Imagine any schoolchild with a large placard fixed on their back at all times declaring that they should not be resuscitated. What does that say to the child’s peers? Her teachers? I should think it would be almost as isolating as the medical condition itself. “Don’t get close to this one. Don’t invest time and effort and care into this one. Don’t make friends with this one. She’ll probably die any moment.’ How does that affect the way she’s looked at by school officials or instructors? How does it affect her own confidence or drive to develop? On a child, blared out like this, it’s not just a simple DNR: it’s a label separating out the worth of her life from the value of the lives of her peers. It’s like a cargo label, FRAGILE, THIS WAY UP. It’s dehumanizing, and it suggests to the reader that what they’re looking at–who they’re looking at–isn’t worth as much as others.

    I’m a firm supporter of the existence of DNR orders as a concept. But this particular application is deeply troubling.

  12. JenLovesPonies
    JenLovesPonies December 30, 2007 at 12:04 am |

    My computer hates me right now, so I am going at this based on what other people are quoting. I am also going to say that I don’t have any physical disabilities, though I do have loved ones who have some various disorders and issues.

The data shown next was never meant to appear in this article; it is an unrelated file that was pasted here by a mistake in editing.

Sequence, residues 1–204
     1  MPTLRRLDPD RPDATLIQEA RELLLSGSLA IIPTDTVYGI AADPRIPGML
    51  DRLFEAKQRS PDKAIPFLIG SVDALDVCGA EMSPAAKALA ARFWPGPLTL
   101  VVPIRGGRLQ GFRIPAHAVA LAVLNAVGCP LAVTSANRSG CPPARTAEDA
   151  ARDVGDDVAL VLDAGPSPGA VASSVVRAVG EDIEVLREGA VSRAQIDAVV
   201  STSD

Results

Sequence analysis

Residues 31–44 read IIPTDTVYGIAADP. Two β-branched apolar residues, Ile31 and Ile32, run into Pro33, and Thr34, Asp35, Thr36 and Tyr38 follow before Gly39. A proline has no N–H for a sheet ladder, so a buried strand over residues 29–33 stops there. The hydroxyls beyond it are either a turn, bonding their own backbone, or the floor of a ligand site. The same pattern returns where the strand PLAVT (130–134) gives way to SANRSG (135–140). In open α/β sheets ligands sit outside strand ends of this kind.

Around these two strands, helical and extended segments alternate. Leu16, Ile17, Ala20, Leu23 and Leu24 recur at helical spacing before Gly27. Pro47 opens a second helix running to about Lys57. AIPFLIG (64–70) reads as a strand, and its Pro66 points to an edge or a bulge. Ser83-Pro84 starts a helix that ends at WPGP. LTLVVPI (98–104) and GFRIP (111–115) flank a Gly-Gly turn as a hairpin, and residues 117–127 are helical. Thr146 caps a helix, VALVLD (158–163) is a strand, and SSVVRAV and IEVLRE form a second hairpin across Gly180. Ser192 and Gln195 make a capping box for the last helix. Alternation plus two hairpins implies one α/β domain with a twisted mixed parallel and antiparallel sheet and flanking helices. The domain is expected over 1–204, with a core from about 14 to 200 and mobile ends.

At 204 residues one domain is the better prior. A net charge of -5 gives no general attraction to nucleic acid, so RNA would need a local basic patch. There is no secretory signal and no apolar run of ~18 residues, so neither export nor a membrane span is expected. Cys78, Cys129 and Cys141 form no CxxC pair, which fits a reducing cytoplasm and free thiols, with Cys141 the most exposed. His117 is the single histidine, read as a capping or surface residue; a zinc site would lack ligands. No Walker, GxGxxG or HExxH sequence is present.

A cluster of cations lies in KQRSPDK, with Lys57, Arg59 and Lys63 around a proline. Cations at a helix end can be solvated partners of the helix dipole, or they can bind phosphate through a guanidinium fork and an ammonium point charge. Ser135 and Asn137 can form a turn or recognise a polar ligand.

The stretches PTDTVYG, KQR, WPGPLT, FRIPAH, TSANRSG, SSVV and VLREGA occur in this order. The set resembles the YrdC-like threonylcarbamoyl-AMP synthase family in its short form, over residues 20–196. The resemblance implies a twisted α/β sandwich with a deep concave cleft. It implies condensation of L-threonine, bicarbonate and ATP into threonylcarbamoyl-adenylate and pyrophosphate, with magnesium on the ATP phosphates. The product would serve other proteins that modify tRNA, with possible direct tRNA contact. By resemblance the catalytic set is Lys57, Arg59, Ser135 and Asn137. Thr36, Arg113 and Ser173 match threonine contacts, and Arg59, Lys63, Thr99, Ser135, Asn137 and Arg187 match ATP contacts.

Does the DNR order on the back of the wheelchair include all sorts of medical information? To me, it would make sense to include some sorts of medical information there, the DNR, allergies, times/dates of medicines, that sort of thing- the things Katy wouldn’t be able to communicate herself. It is just a big DNR in brightly colored letters, that is a little strange. I am not sure if the other kids would know what the even means, though, as I am sure I didn’t back at that age.

    It seems as though we don’t know what Katy wants- but I am not sure we have reason to believe her parents haven’t discussed it with her in some sort of way. Could it be that the article just doesn’t include that information?

    And I am not a parent, but aren’t parents the ones who get to decide these types of things? If Katy’s parents- who have access to her medical records, and who know her well- make this decision, shouldn’t we support it? I am firmly in favor of autonomy, but children can’t, and probably shouldn’t have to, make huge decisions in regards to their health.